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Unforeseen benefits applications dog dispensing GPs

Dispensing GPs in England lose market share to pharmacies

November 23rd 2016

Tagged: NHS statistical reports Pharmacy owners' news England

By Ailsa Colquhoun

Dispensing GPs in England are losing dispensing market share to pharmacies; the greatest risk facing rural practices is the provision for pharmacies to offer ‘unforeseen benefits’, new NHS data for England shows.

The new report, General Pharmaceutical Services in England: 2006/07 to 2015/16, shows that dispensing GPs dispensed 84.6 million prescriptions, a marginal fall of 400,000 items or 0.5 per cent since 2014-15. Dispensing GPs’ share of the total dispensing volume of 1.087 billion items has also fallen marginally – 0.2 percentage points, to 7.8 per cent – share that has been handed directly to pharmacies.

Examination of the data shows that rural areas are most vulnerable to applications to open pharmacies that deliver ‘unforeseen benefits’  as defined by the pharmaceutical needs assessment (PNA).

During 2015-16 there were 29 applications to open pharmacies in controlled areas, of which 13 related to applications offering unforeseen benefits as defined by the PNA.  Of the 29 applications received, eight (28 per cent) were granted during 2015-16; of these eight, five related to unforeseen benefits.

The unforeseen benefits provision of the NHS (Pharmaceutical Services) Regulations 2013 enables a locality to secure improvements or better access to pharmaceutical services in general, or to specific pharmaceutical services, that were not identified within the PNA. The opportunity for a pharmacy on the grounds of unforeseen benefits may arise due to changes since the PNA was published, for example new and innovative types of service delivery, or service redesign that would be of benefit to patient groups.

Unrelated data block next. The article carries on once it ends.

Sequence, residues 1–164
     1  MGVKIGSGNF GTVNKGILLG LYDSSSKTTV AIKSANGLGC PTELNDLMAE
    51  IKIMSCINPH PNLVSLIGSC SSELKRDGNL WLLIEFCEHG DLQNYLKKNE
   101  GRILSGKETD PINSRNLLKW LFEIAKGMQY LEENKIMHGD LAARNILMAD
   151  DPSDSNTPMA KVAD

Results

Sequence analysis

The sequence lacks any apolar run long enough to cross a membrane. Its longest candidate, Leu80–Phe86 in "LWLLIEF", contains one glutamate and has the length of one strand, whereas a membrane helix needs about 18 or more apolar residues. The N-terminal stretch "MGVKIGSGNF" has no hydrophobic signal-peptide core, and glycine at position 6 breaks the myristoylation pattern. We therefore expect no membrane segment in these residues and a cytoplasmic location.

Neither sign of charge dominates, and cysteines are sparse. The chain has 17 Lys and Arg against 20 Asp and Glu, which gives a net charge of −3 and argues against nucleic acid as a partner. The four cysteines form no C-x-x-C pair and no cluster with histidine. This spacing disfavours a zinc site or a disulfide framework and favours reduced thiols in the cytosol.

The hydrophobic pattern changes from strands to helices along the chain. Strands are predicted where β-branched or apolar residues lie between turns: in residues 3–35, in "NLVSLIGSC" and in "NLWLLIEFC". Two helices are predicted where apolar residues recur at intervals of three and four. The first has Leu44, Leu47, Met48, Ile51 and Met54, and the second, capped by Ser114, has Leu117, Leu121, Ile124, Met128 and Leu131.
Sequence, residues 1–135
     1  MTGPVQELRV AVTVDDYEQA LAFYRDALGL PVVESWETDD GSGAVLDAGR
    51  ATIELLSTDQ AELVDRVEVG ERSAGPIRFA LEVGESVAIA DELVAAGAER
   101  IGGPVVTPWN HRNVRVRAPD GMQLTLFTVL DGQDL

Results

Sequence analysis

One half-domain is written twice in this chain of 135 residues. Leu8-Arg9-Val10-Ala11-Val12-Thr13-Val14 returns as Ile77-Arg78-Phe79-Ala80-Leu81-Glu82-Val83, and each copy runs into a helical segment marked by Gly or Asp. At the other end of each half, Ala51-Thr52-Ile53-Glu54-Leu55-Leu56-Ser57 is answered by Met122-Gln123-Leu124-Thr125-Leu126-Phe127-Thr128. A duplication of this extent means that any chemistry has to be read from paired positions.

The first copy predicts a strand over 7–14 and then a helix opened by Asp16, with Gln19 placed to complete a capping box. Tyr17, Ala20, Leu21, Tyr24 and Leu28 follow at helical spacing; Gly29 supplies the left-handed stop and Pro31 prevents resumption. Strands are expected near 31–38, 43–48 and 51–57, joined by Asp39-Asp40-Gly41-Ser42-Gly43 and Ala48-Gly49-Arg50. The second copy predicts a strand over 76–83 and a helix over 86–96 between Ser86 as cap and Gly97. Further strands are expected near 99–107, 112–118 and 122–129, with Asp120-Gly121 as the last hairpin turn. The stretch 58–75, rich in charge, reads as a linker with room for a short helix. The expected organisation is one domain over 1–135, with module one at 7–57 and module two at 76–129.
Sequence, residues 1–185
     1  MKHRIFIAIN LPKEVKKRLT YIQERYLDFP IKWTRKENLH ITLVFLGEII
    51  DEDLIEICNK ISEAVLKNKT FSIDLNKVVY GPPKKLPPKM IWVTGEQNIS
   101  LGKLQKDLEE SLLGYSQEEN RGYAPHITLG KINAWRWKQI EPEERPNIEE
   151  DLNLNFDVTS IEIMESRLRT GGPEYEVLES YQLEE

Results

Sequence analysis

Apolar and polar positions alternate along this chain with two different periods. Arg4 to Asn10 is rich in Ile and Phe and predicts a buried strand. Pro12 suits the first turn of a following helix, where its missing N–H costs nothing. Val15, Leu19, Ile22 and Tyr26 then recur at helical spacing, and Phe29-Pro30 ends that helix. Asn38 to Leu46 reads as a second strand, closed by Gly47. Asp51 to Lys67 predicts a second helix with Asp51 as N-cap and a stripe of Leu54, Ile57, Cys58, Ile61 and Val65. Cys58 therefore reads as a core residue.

In granting an unforeseen benefits application, NHS England is required to consider:

  • Whether there is a reasonable choice with regard to obtaining pharmaceutical services in the area
  • Whether people who share a characteristic which is projected under the Equality Act 2010 (e.g., age or disability) have difficulty in accessing pharmaceutical services
  • Whether the application provides an innovative approach to the delivery of pharmaceutical services
  • Whether granting the application would confer significant benefits on people in the area which were not foreseen when the relevant PNA was published
  • Whether it would be desirable to consider, at the same time as the applicant’s application, applications from other persons offering to secure the same improvements or better access.

The statistics, General Pharmaceutical Services in England: 2006/07 to 2015/16, also reveal an increase in the number of distance selling pharmacies – a rise of 39 to 266 and no reduction in the number of  100-hour pharmacies. There were no successful distance selling pharmacy applications in controlled areas during the year.

The document also shows that community pharmacies dispensed 995.3 million items, a rise of 1.7 per cent compared to 2014-15; they increased their share of the dispensing market directly at the expense of dispensing GPs (+0.2 percentage points) to account for 91.5 per cent of total dispensing volume in 2015-16.

During the year, the total number of pharmacies grew by eight (net) to 11,688. Of these, 4,448 are classed as independent, a fall of 0.1 per cent on 2014-15 to account for 38.1 per cent of market.

The report also documents pharmacy activity areas and shows the following:

  • Average number of items per pharmacy: 7,096 – a rise of 1.6 per cent
  • More pharmacies dispensing over 8,001 items per month – 33 per cent market share (+2 percentage points)
  • Pharmacies more than doubled the number of EPS prescriptions dispensed: 30,175 – a rise of 122 per cent
  • Increased MUR and NMS service delivery (per pharmacy average is 300 MURs (up from 292) and 87 NMS (up from 83)
  • Av NIC per item: £8.13 up 2.4 per cent.

However,  since 2006, average NIC per item has fallen 22 per cent (from an average  NIC per item of £10.36). Factors blamed for the fall include:

  • The Medicines Margin Survey resulting in adjustments to Category M generic drug reimbursement prices as agreed under the Community Pharmacy Contractual Framework
  • An increase in generic dispensing rates (due to patent expiry and loss of exclusivity for a number of leading branded drugs) and the continued efforts to promote generic prescribing where clinically appropriate
  • The Pharmaceutical Price Regulation Scheme (PPRS), which has resulted in a reduction in branded drug prices (with price cuts of 7.0 per cent in 2005, 3.9 per cent in 2009 and 1.9 per cent in 2010). There were automatic permitted price increases of 0.1 per cent from 1 January 2011, 0.2 per cent from 1 January 2012 and 0.2 per cent from 1 January 2013. The 2014 PPRS agreed that the drugs bill will stay flat over the first 2 years of the scheme and will grow slowly after that.


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